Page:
You're a Woman, I'm a Machine

, Death From Above 1979 split and the album eventually became a posthumous classic, heralded as an utterly unique and heavy experience that was gone far too soon. The breakup likely added to the mystique, but either way this was a band with a following that knew exactly what it expected from DFA. Which makes a comeback album all the more dangerous. 2014's

The Physical World

holds plenty of moments that feel pulled straight from their first album, but many more moments that feel alien to anyone who has a shrine to

You're a Woman

constructed in their closet. But all the long-time fans muttering the words "sellout" and "mainstream" under their breath should still be excited at the chance to see DFA live, as they were meant to be experienced. A band this heavy shouldn't be heard on recordings alone. No, DFA is best heard while getting your feet stomped on and wondering if the blood on your hands is yours or someone else's.

Matt Wood
Bastille 8 p.m., Saturday, November 8, at Verizon Theatre, 1001 Performance Pl., Grand Prairie, 972-854-5111 or verizontheatre.com, $39.50

The English band Bastille is named after a French holiday to commemorate the Storming of the Bastille, which was a fortress and prison, at the beginning of the French Revolution. The triumphant, grandiose, celebratory nature of the band is encapsulated from the start, all by a name. It's the sort of mega arena-ready pop found in latter-day Coldplay or current-day Imagine Dragons, packed with nods to mythology, torn cites and the Bible, which is, as we all know, perfect for music tailored to car commercials.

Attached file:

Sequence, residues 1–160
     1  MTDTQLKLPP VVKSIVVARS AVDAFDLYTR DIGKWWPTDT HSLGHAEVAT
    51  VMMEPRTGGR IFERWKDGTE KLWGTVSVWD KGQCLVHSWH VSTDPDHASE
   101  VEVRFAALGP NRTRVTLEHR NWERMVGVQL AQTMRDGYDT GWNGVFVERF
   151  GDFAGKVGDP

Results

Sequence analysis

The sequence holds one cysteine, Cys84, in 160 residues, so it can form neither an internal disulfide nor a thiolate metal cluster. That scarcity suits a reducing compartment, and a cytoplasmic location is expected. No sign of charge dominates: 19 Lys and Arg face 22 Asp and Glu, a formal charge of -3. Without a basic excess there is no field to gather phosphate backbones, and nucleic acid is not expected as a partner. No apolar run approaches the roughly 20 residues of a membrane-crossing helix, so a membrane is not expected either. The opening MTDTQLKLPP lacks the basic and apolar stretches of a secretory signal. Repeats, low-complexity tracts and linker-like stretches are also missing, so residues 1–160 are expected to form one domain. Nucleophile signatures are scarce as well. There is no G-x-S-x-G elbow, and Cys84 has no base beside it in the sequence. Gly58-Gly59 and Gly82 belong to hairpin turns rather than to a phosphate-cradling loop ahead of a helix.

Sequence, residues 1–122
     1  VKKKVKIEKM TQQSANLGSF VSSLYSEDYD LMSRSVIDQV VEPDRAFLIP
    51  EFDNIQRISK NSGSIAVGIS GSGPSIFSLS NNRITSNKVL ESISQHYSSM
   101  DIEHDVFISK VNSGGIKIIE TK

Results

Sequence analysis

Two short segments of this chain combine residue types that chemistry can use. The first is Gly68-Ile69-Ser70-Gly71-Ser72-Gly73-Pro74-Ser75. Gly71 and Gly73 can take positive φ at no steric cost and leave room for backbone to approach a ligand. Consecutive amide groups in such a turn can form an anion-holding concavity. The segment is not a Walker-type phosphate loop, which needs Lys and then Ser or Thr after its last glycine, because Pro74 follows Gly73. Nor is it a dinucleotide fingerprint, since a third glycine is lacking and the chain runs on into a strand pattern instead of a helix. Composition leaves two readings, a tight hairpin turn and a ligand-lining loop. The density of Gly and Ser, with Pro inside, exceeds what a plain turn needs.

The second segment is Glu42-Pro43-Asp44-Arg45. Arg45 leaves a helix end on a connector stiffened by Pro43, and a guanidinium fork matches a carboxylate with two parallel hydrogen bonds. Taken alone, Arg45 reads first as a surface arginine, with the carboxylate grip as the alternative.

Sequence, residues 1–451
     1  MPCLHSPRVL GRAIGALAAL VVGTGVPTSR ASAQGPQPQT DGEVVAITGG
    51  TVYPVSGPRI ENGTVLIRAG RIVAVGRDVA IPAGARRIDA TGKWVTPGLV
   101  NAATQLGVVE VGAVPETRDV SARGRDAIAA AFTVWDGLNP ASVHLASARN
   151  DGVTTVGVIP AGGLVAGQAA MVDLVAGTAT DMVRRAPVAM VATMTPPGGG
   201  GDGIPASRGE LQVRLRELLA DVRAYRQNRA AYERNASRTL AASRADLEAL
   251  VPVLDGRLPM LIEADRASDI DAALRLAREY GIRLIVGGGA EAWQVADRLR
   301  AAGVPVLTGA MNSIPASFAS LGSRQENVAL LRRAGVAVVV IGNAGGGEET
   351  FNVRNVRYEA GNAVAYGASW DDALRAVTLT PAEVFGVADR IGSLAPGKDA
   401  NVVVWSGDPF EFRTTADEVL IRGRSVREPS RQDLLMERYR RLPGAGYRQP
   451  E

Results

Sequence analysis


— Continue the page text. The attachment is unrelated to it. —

Thee Oh Sees With Jack Name, Dead Mockingbirds and Birds of Night, 9 p.m. Sunday, November 9, at Hailey's Club, 122 Mulberry St., haileysclub.com, $15-$20

This is an incredible show, well-worth the drive to Denton from Dallas or Fort Worth, and I'd be saying that even if Thee Oh Sees were playing alone. It is also worth noting that Thee Oh Sees will be performing as a trio with frontman John Dwyer backed by two new musicians, rather than the usual four-piece band that recorded their latest album,


. If you have never seen this garage/psych rock band live, expect a chaotic live show that could change your life. Landing a band like Thee Oh Sees at Hailey's is nothing short of a coup. But Drag City recording artist Jack Name should also be quite interesting. He has worked with Ariel Pink and White Fence and his 2014 album,

Light Show

, is a very strange trip into a world that Brian Eno may have visited at some point, complete with some bizarre (in a good way) music videos. Dead Mockingbirds and Birds of Night are both assets to the regional music scene and they are getting better with every single show, so there are no weaknesses in this diverse lineup.

Jeremy Hallock
Yann Tiersen With DM Stith, 7 p.m., Sunday, November 9 at Granada Theater, 3524 Greenville Ave., 214-824-9933 or granadatheater.com, $24-$35

Yann Tiersen is a maestro. He's dabbled in avant-garde rock, folk and rock. He's probably most recognizable for his work as the composer behind the


soundtrack. Outside of the soundtrack for the aforementioned twee French film, Tiersen has eight studio albums under his belt, the latest of which is


, which delivers a pastiche of beautiful and serene music.

Atmosphere With Prof, and Dem Atlas, 8 p.m., Sunday, November 9, at House of Blues, 2200 N. Lamar St., 214-978-2583 or houseofblues.com/dallas, $35-$41

Atmosphere is a rap duo from Minneapolis, Minnesota. Yes, those exist. C'mon, rap is everywhere, man. These guys, Slug the MC and Ant the DJ, have been making music since the '90s and bubbling on the top of the underground backpacker rap scene for quite some time. Slug is known for his introspective i.e. low-key, depressing, kind of sad, but ultimately uplifting lyrics, and Ant is known for his updated take on boom-bap production. For all of the hardcore hip hop heads out there, this is your shot: When life hands you lemons you paint that shit bey seeing Atmosphere.